Sawai Jai Singh II built the Jantar Mantar outdoor astrological observatory and City Palace Museum in the heart of Jaipur - worthwhile sites to visit. We spent about 2 1/2 hours there. It would have been worth three or four hours. Most of the displays are not labeled, so a guide is very helpful, if not essential. You will find a great collection of costumes, armaments, art, photographs, elephant paraphernalia and historical relicts here. The observatory consists of remarkably ingenious yet simple instruments to chart the positions of heavenly bodies.


The morning, the day after we reached Jaisalmer, we started our camel ride. We travelled for about 3 or 4 hours with a couple of breaks to stretch our legs. The weather was nice. It was as if it was less hot on top of the camel than down on the ground. The desert had a quite diverse landscape. Sometimes sand-dunes and sometimes barren plains with rocks or small bushes. There were also parts were melons were grown. Around noon we reached a bushy area near a lake. Here we had lunch. At some moment a sheppard came by with a flock of sheep and goats. He milked one of the goats, so we had milk for in our tea! After lunch we went to the lake to swim. For the camels this was a good place to graze.

We saw a couple of very beautiful old haveli's (large houses built by rich merchants). In the afternoon our desert tour started. With a jeep we visited a number of old monuments in the desert area. Later we went to the Sam dunes by camel, together with a guide. We had planned 1 day to visit Jodhpur. Our main target here was the fortress. The fortress of Jodhpur is very massive and heavilly fortified and is located on a hill. It is a kind of fortress that is not easy to conquer by enemies (at least that's what we think. There was no siege going on at that moment). Inside the fortress there was a beautiful palace, just like in Bikaner, a city in the desert of Rajastan. We visited the fortress. Inside the fortress was a beautiful and luxurious palace with many exhibitions. When we were walking back to our guesthouse we found a liquor-store. For the first time in weeks we could enjoy a beer. Alcohol is often hard to find in India. In the afternoon there was a short but heavy rainshower. It made some of the smaller dusty streets change into pools of mud.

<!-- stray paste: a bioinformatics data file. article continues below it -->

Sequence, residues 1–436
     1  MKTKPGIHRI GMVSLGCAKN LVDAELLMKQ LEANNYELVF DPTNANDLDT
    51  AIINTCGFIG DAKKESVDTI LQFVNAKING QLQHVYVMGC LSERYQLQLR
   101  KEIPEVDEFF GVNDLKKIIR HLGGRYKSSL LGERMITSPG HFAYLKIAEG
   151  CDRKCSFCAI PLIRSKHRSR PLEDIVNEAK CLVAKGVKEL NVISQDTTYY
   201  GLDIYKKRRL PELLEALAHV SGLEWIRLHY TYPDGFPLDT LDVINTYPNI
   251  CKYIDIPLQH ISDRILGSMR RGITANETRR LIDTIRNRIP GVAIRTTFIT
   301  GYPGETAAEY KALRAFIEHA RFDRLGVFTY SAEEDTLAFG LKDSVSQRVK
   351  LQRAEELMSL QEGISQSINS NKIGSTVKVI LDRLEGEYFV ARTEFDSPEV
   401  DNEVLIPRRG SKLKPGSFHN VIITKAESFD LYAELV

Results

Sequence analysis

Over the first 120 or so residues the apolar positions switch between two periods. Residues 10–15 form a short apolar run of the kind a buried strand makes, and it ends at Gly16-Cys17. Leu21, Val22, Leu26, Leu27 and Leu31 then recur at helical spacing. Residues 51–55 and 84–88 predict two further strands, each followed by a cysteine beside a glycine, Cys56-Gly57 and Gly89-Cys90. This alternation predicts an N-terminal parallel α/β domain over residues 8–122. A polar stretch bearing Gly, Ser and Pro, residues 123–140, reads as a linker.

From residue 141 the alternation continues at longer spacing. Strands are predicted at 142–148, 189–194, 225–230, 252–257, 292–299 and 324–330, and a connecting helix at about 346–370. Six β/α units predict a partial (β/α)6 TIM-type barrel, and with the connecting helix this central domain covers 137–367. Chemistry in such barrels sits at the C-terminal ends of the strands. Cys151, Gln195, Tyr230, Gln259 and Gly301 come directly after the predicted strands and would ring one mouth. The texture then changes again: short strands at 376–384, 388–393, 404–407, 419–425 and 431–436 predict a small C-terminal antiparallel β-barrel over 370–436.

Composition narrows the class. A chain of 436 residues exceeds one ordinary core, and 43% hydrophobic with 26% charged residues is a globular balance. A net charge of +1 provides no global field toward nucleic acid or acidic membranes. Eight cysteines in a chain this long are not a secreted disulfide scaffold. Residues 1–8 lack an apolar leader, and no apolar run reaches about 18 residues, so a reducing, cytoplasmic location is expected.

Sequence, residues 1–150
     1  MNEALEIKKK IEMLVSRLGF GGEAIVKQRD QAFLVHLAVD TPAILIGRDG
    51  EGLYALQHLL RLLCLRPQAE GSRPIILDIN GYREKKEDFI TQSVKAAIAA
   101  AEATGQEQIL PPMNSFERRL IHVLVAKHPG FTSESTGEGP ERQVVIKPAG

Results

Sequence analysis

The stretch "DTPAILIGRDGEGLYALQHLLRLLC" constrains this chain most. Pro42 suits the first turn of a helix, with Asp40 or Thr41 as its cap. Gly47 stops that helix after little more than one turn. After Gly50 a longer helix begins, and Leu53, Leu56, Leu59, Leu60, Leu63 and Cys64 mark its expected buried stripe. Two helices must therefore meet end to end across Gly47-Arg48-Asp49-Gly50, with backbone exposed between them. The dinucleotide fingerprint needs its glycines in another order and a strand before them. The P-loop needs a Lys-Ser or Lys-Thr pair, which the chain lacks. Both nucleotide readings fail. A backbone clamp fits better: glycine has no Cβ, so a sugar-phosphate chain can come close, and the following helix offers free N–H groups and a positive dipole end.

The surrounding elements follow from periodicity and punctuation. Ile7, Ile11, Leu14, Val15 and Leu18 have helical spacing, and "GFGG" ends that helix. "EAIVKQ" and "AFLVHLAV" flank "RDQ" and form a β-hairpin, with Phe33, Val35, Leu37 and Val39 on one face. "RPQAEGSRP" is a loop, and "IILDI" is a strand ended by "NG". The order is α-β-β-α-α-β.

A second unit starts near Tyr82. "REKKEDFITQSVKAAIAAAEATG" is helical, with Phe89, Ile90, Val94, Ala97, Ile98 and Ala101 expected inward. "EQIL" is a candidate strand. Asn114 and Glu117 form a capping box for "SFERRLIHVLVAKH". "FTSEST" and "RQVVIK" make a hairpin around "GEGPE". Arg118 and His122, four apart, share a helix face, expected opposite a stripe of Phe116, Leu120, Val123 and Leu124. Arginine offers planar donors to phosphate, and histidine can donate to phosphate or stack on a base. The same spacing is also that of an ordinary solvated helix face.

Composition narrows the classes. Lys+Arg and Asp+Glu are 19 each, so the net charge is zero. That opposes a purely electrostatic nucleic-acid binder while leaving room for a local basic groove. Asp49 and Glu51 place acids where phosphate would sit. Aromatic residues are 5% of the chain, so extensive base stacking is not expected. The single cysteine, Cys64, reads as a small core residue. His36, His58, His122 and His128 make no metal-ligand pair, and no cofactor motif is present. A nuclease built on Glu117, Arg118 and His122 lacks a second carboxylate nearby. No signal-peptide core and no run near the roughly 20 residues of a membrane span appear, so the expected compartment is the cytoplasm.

There were a great number of people going to Agra. Our bus was very crowded. And we had also seen some trucks fully loaded with people. At the station we ate at the station restaurant. Almost every train station has such a restaurant with usualy one standard meal: thali (a couple of 'dahl' sauces with rice and chapati-bread). When we went to our train we found out that there were a lot of seats that were reserved twice. Many people were argueing about seats. But we were lucky that our reserved seats were still unoccupied.

The train journey lasted for most part of this day. We spent most time by watching through the window, listening at our walkman and laying on our sleeping places. At some moment a guy in our compartment discovered that a bag with his passport and most of his money was stolen.

At the time of the Moghuls, Agra was the capital of India and much of its superb architecture, which includes the Taj Mahal and the enormous Agra Fort, dates from this era. Apart from its smattering of imposing Moghul monuments, Agra shares similar characteristics with other north Indian cities - namely a large cantonment, bustling bazaars, predatory rickshaw riders and persistent guides in temper-fraying profusion. The city is a two-hour train ride south of Delhi and, if you're in a hell of a hurry, can be visited on a daytrip from the capital.

The Taj Mahal, regarded as one of the 7 wonders of the world and described as the most extravagant monument ever built for love, has become the de facto tourist emblem of India. This poignant Moghul mausoleum was constructed by Emperor Shah Jahan in memory of his second wife Mumtaz Mahal, whose death in childbirth in 1631 left the emperor so heartbroken that his hair is said to have turned grey overnight.

Construction of the Taj began in the same year and was not completed until 1653. In total, 20,000 people from India and central Asia worked on the building. Experts were also brought from Europe, which allowed the British to delude themselves for some time that such an exquisite building must certainly have been designed by an European.

The Taj stands on a raised marble platform in ornamental gardens on the bank of the Yamuna. Tall, purely decorative white minarets grace each corner of the platform - as the Taj Mahal is not a mosque, nobody is called to prayer from them. Twin red sandstone buildings frame the building; the one on the western side is a mosque, the identical one on the eastern side is purely for symmetry. It cannot be used as a mosque because it faces in the wrong direction.

The central Taj structure has four small domes surrounding the bulbous central dome. The tombs of Mumtaz Mahal and Shah Jahan are in a basement room. Above them in the main chamber are false tombs, a common practice in mausoleums of this type. Light is admitted into the central chamber by finely cut marble screens. The echo in this high domed chamber is superb, and there is always somebody there to demonstrate it.